The Construction (Design and Management) Regulations place specific duties on the approach to health and safety. These regulations were updated in 2015 and now apply to domestic building projects.

Self and custom builders are legally responsible for their own safety when working on their own projects. Depending on how much of the project work you take on yourself, you could fall into one, or more, of the following categories, called ‘dutyholders’:

A ‘client’ is an individual or organisation for whom a construction project is carried out.

Clients must:

  • Make suitable arrangements for managing a project. This includes making sure:
    • other dutyholders are appointed;
    • sufficient time and resources are allocated.
  • Make sure:
    • relevant information is prepared and provided to other dutyholders;
    • the principal designer and principal contractor carry out their duties;
    • welfare facilities are provided.

A ‘domestic client’ is a person who is having construction work carried out on their own home, or the home of a family member that is not done as part of a business, whether for profit or not.

Domestic clients are now in scope of the CDM Regulations, but their duties as a client are normally transferred to:

  • the contractor, on a single contractor project; or,
  • the principal contractor, on a project involving more than one contractor.

However, the domestic client can choose to have a written agreement with the principal designer to carry out the client duties.

A ‘designer’ is the person who, who as part of a business, prepares or modifies designs for a building, product or system relating to construction work.

Designers must:

  • When preparing or modifying designs, eliminate, reduce or control foreseeable risks that may arise during:
    • construction; and
    • the maintenance and use of a building once it is built.
  • Provide information to other members of the project team to help them fulfil their duties.

A ‘principal designer’ is the designer appointed by the client in projects involving more than one contractor. They can be an organisation or an individual with sufficient knowledge, experience and ability to carry out the role.

Principal Designers must: 

  • Plan, manage, monitor and coordinate health and safety in the pre-construction phase of a project. This includes:
    • identifying, eliminating or controlling foreseeable risks;
    • ensuring designers carry out their duties.
  • Prepare and provide relevant information to other dutyholders.
  • Provide relevant information to the principal contractor to help them plan, manage, monitor and coordinate health and safety in the construction phase.

A ‘principal contractor’ is a contractors appointed by the client to coordinate the construction phase of a project where it involves more than one contractor.

Principal Contractors must:

  • Plan, manage, monitor and coordinate health and safety in the construction phase of a project. This includes:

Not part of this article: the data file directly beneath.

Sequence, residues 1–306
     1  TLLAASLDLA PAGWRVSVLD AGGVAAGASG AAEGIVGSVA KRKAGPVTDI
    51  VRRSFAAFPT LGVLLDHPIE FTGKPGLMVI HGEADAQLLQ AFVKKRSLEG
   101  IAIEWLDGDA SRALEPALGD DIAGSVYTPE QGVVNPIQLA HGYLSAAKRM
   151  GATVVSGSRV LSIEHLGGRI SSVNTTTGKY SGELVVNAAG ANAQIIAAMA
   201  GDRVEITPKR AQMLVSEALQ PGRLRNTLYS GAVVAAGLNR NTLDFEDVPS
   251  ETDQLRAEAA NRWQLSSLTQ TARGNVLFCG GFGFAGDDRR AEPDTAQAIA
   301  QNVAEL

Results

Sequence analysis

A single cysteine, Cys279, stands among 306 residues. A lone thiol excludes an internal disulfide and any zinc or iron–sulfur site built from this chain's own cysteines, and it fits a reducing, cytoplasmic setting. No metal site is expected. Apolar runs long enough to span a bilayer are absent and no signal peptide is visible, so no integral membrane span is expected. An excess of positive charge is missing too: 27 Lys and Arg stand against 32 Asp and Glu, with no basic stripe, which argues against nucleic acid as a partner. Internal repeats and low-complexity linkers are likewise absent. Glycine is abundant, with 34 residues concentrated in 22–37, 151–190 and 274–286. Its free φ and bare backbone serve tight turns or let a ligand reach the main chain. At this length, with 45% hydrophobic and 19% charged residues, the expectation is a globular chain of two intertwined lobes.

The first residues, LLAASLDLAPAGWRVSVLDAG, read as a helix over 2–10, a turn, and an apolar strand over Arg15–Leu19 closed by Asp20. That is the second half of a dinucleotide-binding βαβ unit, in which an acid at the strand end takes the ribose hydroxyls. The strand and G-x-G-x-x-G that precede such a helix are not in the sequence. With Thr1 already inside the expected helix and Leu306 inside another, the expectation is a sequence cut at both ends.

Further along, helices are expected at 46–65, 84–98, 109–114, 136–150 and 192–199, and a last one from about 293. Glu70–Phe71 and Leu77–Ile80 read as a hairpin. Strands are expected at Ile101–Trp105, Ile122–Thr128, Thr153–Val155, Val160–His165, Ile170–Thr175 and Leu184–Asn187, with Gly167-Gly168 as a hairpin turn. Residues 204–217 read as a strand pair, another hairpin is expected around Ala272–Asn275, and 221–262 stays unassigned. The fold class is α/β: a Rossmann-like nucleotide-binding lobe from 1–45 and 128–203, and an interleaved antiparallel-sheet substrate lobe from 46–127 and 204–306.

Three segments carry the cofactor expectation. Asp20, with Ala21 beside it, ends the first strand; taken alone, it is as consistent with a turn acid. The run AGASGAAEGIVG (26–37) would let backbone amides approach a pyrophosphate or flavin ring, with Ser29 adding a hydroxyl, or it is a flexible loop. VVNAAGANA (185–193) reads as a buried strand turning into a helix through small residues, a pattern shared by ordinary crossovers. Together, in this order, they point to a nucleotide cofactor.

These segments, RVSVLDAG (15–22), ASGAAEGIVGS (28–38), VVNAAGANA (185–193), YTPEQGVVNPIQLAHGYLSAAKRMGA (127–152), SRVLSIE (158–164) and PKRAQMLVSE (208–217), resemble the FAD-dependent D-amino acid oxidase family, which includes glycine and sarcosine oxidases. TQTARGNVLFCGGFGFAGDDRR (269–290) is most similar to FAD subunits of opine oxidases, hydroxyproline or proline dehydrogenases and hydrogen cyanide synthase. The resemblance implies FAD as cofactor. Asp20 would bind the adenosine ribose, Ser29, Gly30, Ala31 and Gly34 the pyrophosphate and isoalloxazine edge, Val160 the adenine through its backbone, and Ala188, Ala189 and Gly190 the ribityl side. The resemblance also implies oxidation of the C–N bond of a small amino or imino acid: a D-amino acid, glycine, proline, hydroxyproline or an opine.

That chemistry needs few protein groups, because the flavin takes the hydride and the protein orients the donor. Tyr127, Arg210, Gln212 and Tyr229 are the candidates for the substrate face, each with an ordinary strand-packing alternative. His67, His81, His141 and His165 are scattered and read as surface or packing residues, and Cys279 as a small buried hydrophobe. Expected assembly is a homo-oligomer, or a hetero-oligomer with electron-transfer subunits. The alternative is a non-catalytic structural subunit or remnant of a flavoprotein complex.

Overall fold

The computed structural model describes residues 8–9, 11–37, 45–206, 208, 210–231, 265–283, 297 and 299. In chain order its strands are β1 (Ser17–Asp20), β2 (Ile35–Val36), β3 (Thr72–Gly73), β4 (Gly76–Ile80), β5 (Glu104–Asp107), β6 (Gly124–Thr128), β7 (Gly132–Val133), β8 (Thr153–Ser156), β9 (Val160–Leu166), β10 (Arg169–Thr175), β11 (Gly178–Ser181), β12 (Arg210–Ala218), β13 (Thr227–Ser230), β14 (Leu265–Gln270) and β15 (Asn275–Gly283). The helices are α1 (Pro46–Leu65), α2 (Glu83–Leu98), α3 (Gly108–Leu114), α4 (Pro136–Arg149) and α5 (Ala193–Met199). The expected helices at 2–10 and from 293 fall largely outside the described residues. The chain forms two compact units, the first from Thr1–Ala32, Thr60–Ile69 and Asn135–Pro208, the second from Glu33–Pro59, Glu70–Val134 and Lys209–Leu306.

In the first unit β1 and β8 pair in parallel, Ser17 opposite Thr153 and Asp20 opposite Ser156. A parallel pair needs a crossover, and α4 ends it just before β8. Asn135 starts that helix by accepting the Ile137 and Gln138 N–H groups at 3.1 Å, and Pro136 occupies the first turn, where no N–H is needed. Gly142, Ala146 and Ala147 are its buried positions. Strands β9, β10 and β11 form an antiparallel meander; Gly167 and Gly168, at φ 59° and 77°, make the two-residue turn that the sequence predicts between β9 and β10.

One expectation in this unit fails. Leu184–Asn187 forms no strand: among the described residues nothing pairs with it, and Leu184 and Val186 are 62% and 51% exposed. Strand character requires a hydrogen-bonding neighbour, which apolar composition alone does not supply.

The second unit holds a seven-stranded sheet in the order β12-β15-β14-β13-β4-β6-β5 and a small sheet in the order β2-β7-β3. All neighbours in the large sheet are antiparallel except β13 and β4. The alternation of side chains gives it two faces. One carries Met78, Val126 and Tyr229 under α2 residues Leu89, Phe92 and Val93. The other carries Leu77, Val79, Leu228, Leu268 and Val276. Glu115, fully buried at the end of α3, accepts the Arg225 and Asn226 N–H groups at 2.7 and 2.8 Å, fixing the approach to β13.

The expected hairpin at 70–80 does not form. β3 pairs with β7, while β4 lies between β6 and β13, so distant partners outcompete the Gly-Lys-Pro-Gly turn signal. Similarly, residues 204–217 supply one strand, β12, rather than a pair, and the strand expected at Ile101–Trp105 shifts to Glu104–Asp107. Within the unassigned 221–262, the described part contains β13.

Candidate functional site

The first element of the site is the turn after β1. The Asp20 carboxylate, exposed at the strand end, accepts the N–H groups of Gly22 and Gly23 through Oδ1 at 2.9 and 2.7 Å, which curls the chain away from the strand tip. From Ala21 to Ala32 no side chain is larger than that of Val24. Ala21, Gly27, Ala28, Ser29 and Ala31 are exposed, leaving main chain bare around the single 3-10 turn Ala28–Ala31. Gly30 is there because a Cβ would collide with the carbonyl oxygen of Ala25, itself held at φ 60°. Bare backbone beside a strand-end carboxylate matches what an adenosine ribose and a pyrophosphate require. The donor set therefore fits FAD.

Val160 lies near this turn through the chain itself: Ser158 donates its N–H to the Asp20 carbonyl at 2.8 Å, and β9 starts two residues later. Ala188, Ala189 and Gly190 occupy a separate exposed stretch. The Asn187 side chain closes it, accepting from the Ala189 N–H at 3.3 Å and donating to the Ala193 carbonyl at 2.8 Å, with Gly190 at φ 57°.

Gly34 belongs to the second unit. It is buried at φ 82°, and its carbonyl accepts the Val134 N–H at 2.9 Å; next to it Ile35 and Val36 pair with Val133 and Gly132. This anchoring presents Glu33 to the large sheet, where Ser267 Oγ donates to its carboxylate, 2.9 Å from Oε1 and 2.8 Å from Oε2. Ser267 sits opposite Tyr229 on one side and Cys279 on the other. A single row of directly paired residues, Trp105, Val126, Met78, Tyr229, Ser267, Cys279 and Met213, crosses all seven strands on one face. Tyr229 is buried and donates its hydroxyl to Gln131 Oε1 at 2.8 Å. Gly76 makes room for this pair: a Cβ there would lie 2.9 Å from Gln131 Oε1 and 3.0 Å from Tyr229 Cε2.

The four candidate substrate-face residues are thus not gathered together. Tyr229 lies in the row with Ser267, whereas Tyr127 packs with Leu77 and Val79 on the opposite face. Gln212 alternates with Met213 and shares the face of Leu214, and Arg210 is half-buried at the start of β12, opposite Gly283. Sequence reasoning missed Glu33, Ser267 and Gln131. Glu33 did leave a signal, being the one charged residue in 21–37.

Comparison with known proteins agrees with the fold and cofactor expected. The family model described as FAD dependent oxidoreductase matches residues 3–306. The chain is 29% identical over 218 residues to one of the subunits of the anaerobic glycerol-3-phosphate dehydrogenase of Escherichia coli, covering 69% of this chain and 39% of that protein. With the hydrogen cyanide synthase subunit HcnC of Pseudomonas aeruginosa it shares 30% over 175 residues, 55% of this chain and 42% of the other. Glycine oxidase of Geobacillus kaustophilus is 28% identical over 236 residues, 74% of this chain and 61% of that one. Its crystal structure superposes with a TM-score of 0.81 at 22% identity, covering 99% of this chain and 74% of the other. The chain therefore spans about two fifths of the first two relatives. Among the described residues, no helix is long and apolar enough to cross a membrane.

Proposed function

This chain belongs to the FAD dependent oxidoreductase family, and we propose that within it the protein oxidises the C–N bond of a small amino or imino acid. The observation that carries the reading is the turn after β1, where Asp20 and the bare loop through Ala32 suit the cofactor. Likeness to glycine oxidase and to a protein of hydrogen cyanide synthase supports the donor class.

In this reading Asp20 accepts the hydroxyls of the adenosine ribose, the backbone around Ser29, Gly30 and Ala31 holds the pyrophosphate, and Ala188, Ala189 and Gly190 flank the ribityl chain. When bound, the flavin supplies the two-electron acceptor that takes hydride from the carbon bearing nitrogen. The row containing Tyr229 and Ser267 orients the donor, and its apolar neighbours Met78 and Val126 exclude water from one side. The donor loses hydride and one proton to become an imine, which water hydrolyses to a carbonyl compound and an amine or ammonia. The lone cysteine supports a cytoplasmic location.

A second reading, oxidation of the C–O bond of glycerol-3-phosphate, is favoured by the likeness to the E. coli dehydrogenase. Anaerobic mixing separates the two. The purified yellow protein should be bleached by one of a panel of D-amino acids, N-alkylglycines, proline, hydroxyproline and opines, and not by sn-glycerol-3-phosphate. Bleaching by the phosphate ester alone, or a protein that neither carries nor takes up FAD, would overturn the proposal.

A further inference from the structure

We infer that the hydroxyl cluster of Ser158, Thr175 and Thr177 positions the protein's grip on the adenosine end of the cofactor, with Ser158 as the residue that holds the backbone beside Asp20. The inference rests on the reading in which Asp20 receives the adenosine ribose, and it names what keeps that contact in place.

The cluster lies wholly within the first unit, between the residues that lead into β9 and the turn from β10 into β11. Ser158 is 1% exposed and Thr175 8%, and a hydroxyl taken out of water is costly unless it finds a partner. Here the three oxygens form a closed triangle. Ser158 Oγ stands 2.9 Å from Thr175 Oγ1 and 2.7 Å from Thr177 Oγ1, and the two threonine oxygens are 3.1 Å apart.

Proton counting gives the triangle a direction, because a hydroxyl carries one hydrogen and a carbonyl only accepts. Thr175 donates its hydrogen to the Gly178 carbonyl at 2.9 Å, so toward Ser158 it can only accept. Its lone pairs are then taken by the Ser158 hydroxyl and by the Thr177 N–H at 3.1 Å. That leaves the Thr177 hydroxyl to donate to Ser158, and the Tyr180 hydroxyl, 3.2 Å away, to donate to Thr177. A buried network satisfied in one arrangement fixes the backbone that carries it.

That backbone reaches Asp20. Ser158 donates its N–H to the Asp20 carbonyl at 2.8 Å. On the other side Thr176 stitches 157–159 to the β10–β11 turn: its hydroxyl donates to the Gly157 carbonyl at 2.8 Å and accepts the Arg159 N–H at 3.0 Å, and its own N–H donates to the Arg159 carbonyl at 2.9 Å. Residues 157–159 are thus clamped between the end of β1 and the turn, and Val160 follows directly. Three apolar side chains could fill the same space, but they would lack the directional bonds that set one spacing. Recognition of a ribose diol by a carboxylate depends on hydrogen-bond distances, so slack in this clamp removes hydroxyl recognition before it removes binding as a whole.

• liaising with the client and principal designer;
    • preparing the construction phase plan;
    • organising cooperation between contractors and coordinating their work.
  • Ensure:
    • suitable site inductions are provided;
    • reasonable steps are taken to prevent unauthorised access;
    • workers are consulted and engaged in securing their health and safety; and,
    • welfare facilities are provided.

A ‘contractor’ is the person or company that does the actual construction work.

Contractors must:

  • Plan, manage and monitor construction work under their control so that it is carried out without risks to health and safety.
  • For projects involving more than one contractor, coordinate their activities with others in the project team – in particular, comply with directions given to them by the principal designer or principal contractor.
  • For single-contractor projects, prepare a construction phase plan.

A ‘worker’ is defined as a person who works for or under the control of contractors on a construction site.

Workers must:

  • Be consulted about matters which affect their health, safety and welfare;
  • Take care of their own health and safety and others who may be affected by their actions;
  • Report anything they see which is likely to endanger either their own or others’ health and safety;
  • Cooperate with their employer, fellow workers, contractors and other dutyholders

Coming soon.

What happens if I don’t comply?

Building your own home can be risky. According to the Health and Safety Executive (HSE), around a third of all workplace fatalities occur in construction and many thousands are injured each year.

Not following the CDM Regulations could result in a dangerous, or even fatal, accident during the completion of your self build or custom build project. Furthermore, your finished home may not be safe to live in.

Breaching health and safety legislation when building your own home could mean that construction work might need to be stopped by the HSE or your local authority. Further work to the project might be needed to fix any problems.

Most importantly, you may be liable for prosecution in some serious cases.